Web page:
By Ed Huyck
By Melissa Wray
By Patrick Strait
By Jonathan McJunkin
By B Fresh Photography
By Ryan Siverson
By Kendra Sundvall
By Ed Huyck
More than once during Nimbus's staging of Samuel Beckett's Endgame, I thought to myself, If this isn't the greatest play of the 20th century, then I'm a medium-sized diving duck such as the white-winged scoter. Now, I should point out two things: 1) I am no type of medium-sized diving duck, and 2) hyperbolic superlatives, though a total gas to indulge in, are all but meaningless, as is everything we say and do. The point is, this deep and funny production is both an excellent tribute to a colossal genius and as palpably alive as a horny octopus, which, short of gratis backrubs from ushers, is all one should ask a production of a canonized classic to be.
In case you're hazy on which weird Beckett play Endgame is, it's the post-apocalypse one in which a blind, crippled "king" named Hamm bosses around his weary adopted son and pawn Clov. This lonely servant stays put out of habit and because the world outside offers him little else, which is how all workers feel, especially on rainy days and Mondays and in books by bearded German intellectuals. Occasionally the pair suffers the kvetching and nostalgia of Hamm's legless parents, who emerge turtlelike from the separate ash bins where they reside, as apparently was the custom back in continental Europe during the late 1950s.
Beckett's script calls for Hamm to wear dark glasses. Jeff Myhre compensates for this limitation with an imposing arsenal of torso tilts, brow furrows, and a mouth that occasionally opens in the classic "O" of surprise. His voice is similarly powerful, imperious like funny-pages tough-love guru Mr. Dithers, yet desperate as a dying animal. Terry Flynn's wise, ridiculous, unkempt Clov combines some of the best qualities of Socrates with Bela Lugosi's Ygor.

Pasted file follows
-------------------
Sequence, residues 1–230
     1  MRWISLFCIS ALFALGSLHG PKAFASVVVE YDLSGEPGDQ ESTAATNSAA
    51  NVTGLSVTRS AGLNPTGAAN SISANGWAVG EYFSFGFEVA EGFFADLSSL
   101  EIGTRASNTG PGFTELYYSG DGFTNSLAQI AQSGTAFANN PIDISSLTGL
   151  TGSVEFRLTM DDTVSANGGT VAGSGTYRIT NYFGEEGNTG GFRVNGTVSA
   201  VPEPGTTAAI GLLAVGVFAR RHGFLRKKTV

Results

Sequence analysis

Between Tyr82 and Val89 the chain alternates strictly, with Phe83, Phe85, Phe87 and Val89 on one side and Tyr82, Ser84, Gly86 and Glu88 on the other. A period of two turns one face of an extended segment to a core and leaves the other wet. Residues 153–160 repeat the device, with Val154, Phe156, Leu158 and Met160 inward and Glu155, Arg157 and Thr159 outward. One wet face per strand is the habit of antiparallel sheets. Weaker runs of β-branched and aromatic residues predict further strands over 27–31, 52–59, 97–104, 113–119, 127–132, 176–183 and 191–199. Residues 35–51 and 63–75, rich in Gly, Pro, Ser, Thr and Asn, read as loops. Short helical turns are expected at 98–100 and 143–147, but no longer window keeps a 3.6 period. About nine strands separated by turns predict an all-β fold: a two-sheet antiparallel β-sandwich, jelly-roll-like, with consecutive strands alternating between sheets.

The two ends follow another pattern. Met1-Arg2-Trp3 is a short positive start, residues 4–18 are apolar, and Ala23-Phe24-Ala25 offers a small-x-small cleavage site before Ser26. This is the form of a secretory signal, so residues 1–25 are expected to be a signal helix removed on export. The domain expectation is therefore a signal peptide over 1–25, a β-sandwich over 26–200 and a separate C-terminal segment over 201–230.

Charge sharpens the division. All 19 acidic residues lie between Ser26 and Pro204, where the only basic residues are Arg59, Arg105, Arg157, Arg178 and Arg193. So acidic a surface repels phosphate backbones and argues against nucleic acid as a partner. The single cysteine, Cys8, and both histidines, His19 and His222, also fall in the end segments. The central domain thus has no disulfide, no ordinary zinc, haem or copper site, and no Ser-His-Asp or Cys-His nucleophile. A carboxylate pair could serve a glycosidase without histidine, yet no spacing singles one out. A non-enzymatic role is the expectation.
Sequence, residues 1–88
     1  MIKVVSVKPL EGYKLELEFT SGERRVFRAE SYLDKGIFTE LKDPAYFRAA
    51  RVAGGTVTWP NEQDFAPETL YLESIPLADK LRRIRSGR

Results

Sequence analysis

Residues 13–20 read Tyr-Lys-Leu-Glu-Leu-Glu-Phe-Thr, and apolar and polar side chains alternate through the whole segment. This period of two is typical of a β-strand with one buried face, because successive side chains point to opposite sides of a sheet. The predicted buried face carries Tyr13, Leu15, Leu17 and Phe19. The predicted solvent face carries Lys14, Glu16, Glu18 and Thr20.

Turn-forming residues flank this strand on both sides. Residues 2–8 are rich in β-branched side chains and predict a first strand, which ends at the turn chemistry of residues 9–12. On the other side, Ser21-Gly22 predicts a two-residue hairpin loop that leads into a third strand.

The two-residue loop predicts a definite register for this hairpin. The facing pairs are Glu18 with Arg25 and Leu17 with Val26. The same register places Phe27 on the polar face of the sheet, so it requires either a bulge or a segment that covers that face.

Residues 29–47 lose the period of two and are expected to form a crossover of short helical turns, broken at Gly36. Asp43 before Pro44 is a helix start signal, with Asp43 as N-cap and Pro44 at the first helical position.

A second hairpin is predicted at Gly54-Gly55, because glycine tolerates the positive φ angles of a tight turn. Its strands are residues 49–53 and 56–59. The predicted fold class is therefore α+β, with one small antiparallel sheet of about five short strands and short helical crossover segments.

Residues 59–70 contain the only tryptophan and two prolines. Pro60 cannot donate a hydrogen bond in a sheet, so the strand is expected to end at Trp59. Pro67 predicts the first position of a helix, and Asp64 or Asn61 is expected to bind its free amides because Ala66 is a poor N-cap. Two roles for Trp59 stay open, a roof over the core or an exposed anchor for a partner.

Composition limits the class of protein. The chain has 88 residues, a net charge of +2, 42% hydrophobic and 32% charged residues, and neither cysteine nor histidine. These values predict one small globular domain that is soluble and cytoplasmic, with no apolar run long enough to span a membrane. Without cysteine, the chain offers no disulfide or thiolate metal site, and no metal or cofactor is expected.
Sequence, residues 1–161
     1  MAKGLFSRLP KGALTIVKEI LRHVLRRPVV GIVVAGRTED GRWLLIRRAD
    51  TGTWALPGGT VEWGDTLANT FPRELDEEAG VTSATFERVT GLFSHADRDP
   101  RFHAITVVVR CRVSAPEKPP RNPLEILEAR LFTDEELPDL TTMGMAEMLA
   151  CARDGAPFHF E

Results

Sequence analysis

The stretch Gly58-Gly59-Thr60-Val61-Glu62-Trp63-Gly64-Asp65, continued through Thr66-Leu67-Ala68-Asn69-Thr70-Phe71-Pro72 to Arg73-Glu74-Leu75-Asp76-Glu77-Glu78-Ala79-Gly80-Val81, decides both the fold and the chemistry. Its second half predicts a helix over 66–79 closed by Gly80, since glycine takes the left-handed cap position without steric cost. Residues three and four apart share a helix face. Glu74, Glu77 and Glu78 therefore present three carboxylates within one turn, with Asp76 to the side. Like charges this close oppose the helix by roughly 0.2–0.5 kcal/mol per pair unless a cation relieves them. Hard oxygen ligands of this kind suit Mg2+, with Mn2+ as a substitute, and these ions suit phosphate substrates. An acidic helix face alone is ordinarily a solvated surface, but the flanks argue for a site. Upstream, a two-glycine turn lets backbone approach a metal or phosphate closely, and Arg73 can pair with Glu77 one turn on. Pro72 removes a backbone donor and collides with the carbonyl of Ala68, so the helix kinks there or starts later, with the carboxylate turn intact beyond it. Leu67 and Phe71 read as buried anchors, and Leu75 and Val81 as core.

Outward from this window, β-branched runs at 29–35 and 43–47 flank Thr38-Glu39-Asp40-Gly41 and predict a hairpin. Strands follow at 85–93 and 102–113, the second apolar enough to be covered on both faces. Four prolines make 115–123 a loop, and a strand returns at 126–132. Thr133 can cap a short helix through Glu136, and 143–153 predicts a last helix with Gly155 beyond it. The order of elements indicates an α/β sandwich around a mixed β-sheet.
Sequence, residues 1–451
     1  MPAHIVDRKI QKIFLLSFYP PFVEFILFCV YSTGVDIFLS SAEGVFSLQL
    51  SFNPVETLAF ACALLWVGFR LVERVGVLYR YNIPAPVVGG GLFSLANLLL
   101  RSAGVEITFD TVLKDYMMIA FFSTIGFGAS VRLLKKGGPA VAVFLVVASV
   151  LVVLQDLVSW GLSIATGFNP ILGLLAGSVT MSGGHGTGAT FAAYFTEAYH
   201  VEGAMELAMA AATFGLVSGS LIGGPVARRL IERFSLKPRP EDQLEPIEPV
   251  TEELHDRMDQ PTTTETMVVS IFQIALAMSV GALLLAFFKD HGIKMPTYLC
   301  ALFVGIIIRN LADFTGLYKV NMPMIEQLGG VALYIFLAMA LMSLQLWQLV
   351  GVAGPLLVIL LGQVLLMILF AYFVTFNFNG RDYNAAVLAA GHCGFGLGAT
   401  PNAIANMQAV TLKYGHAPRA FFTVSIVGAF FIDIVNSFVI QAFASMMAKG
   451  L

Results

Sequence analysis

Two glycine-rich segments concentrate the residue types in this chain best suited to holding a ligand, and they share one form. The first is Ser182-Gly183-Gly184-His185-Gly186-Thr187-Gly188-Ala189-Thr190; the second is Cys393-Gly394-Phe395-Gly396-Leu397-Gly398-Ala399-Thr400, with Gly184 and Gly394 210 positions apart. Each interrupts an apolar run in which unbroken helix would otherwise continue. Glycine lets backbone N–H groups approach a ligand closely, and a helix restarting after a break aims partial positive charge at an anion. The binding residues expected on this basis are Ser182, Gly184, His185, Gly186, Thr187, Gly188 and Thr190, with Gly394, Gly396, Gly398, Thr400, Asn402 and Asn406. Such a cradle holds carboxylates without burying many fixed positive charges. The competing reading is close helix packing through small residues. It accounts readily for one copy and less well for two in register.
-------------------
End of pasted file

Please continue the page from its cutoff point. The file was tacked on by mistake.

Endgame was written in 1957 and its weltschmerz sprang in part from nuclear anxiety and the scars of the world wars. It's too limiting, however, to call this a social-commentary play, or an intricate chess metaphor, or a marvel of formal invention. It's all of that, yes. But above all, and at the risk of sounding all wheezy and tweed-coated, Endgame is a rangy, profound expression of what it means to be alive and what it means to be almost dead. There's optimism here, too, in the beauty of every multivalent line, and in this production's generous, lived-in performances. It's a good world that gives us that.
15 Head'sOil on Canvas, a portrait of Italian painter-sculptor Amedeo Modigliani, was a standing-room-only hit at last year's Fringe. The show, conceived by Mary Anna Culligan and scripted by John Middleton, has been significantly reworked for this remount, which generally shifts its focus from big aesthetic questions (What is art?) to broader existential ones (Why art?). The new staging also gives more time to its two principal women, Modigliani's lover Beatrice (Maesie Speer) and his wife Jeanne (Angela Harold), who have a couple of ironically dispassionate teatime chats about suicide and other bum-out stuff. Plus, 15 Head's outgoing artistic director Joe Stanley has expanded the bioplay's set, most impressively with a re-creation of the base of the Eiffel Tower, a large-scale wooden model that, against the odds, is both grand and unobtrusive.
I've seen both runs of Oil on Canvas and have twice been impressed and entertained in a distant sort of way. Craig Michael's hangdog portrayal of the libertine and ill-starred artist for the most part manages to avoid suffering genius/nutcase clichés. And there are fine scenes here, such as the aforementioned tea chats and a lovely moment in which Modigliani gives Beatrice a new dress by painting her old one. But despite Oil's interest in the most basic human struggles, it feels emotionally aloof. I for one miss Lou Reed's "Perfect Day," which helped give the earlier staging a moving close, and conveyed some--what might one say?--lust for life, something I fear this admirable show could use more of.
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